CRETE | The Village Board approved an appropriations ordinance Monday that dictates how municipal government will spend some $14.5 million for the current fiscal year.
That total includes a Crete general fund of $4.25 million for daily government expenses, along with another $2.32 million for the Police Department and $945,700 for the Fire Department.
Among other areas included in the ordinance is $687,100 to cover the cost of trash collection, and some $30,500 to pay for crossing guards near schools in the village.
Approval was given without discussion, although trustees conducted a public hearing last month — when they reviewed last-minute changes to ensure that sufficient funds were put aside to cover the cost of health benefits for village workers.
The village’s fiscal year began May 1, although under state law, municipalities have until July 31 to approve appropriations ordinances.
In other business, the Village Board approved a land transaction involving 50 square feet west of Hartmann Drive and south of Burville Road.
The plot, near one of the village’s water wells, is being turned over to Convergence Technologies, Inc. – which wants to use the site to construct a cellular tower for a Chicago-to-Indianapolis link that would help provide broadband services nationwide.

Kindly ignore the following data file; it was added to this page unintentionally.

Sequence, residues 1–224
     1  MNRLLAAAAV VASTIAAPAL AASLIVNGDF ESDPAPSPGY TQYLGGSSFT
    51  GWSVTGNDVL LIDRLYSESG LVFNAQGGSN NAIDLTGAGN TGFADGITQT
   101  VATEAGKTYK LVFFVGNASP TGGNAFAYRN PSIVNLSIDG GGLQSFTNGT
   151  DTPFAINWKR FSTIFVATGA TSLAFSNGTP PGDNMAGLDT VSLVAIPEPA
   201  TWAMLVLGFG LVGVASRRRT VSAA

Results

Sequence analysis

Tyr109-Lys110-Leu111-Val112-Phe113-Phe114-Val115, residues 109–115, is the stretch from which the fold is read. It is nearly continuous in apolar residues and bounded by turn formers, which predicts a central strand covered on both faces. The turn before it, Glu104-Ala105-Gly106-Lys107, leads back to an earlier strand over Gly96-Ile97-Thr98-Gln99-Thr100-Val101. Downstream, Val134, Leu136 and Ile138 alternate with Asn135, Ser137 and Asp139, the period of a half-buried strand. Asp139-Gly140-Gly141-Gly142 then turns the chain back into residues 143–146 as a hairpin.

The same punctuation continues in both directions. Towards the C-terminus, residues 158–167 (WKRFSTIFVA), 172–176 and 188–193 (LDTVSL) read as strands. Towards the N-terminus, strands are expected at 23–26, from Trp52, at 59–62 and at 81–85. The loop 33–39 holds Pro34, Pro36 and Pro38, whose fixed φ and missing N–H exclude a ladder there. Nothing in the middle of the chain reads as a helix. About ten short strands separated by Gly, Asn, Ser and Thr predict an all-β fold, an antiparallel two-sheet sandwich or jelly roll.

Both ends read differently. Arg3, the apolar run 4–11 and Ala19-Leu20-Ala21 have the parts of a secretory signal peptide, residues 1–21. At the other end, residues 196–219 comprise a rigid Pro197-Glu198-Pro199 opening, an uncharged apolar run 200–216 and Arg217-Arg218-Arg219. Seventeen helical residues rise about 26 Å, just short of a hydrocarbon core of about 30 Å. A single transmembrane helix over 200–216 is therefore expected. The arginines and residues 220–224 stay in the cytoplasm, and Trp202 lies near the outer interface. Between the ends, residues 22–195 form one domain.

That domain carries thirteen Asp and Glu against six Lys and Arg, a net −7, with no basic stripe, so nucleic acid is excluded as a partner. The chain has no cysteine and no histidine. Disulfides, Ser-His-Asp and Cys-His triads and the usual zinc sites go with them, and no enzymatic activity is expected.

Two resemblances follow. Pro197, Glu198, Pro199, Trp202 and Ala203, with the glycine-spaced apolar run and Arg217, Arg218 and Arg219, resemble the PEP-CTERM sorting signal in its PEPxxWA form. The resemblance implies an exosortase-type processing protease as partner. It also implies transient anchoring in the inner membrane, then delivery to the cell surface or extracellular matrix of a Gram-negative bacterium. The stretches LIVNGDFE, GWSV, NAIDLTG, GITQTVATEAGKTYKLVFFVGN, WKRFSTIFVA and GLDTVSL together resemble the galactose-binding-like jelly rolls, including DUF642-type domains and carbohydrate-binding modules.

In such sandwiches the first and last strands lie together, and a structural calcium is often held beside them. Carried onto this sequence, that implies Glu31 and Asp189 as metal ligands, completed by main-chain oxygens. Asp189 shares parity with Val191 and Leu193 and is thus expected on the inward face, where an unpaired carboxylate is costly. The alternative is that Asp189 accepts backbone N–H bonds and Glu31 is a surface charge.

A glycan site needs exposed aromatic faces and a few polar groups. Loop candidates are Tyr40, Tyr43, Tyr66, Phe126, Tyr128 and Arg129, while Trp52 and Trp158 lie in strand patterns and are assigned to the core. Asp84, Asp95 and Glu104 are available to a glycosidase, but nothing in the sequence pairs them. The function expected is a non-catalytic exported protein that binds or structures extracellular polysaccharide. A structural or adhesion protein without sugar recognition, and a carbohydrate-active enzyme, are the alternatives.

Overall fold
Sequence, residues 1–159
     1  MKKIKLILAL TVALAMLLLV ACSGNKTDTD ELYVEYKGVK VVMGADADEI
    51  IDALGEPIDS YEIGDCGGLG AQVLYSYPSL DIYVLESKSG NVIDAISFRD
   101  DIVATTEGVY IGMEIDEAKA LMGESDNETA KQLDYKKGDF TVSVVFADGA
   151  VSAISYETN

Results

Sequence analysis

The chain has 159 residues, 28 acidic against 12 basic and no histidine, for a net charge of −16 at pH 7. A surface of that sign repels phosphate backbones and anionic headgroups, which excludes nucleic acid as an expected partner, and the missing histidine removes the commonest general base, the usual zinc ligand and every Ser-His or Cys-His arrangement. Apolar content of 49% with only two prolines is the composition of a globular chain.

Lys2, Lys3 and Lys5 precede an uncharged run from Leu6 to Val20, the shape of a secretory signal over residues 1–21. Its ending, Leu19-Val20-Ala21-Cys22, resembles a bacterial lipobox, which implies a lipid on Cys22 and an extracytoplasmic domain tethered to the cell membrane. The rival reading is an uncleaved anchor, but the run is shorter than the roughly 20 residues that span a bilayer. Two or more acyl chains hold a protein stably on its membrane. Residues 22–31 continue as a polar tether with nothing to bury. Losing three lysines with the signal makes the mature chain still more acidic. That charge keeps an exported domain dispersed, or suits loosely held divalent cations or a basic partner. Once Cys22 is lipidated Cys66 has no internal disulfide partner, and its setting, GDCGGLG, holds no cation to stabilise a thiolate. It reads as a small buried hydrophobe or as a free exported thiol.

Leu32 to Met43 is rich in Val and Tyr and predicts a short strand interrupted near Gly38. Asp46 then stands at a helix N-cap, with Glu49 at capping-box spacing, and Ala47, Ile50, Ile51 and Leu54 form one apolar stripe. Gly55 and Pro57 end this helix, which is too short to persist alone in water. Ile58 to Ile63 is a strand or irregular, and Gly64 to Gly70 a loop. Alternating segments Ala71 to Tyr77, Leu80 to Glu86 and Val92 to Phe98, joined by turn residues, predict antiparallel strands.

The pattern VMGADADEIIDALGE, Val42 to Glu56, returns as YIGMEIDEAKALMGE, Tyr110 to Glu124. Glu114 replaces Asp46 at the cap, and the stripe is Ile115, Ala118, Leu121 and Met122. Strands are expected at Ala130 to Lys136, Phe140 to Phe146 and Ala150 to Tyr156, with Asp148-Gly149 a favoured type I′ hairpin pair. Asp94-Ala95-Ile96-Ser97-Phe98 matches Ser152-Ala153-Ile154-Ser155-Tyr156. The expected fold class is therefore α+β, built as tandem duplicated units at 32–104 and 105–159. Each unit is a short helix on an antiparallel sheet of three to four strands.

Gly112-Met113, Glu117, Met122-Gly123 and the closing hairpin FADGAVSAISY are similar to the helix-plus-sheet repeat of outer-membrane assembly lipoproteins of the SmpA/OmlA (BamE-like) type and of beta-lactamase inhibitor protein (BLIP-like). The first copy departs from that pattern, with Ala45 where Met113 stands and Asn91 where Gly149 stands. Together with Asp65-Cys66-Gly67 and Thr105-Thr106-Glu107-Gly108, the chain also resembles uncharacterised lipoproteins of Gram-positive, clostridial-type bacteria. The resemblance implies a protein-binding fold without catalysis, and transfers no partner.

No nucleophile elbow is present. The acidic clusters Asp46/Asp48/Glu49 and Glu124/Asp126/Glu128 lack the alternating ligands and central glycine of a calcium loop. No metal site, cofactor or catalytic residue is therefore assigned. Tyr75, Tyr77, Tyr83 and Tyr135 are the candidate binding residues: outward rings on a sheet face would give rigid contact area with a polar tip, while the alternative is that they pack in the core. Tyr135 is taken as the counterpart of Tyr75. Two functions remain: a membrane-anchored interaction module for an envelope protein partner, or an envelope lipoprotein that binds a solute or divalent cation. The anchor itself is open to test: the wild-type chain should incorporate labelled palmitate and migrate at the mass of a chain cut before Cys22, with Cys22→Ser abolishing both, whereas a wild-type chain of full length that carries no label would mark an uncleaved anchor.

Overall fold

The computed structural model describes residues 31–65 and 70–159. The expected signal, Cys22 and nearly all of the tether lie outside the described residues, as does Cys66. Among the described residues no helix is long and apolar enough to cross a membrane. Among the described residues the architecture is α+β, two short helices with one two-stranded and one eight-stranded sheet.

Also on Monday, Village President Michael Einhorn said he expects the board to soon approve a deal involving village engineering firm Tech III hiring the HR Green consulting firm to study the village’s water supply.
Einhorn has said he wants the study to determine what improvements need to be made to ensure Crete has a supply of fresh drinking water, and he says he does not want the contract to have to be bid because he wants the study to begin soon.
On Monday, Einhorn said he expects a study to be underway within 30 days, although he could not say how long it would take to complete. The Village Board could give its approval when it meets July 22.
Trustee Daniel Taylor said residents he has spoken to are all encouraging when it comes to this study, and to making water quality improvements.
“The people’s thoughts about this are all positive,” Taylor said. “They’re glad that we’re moving forward.”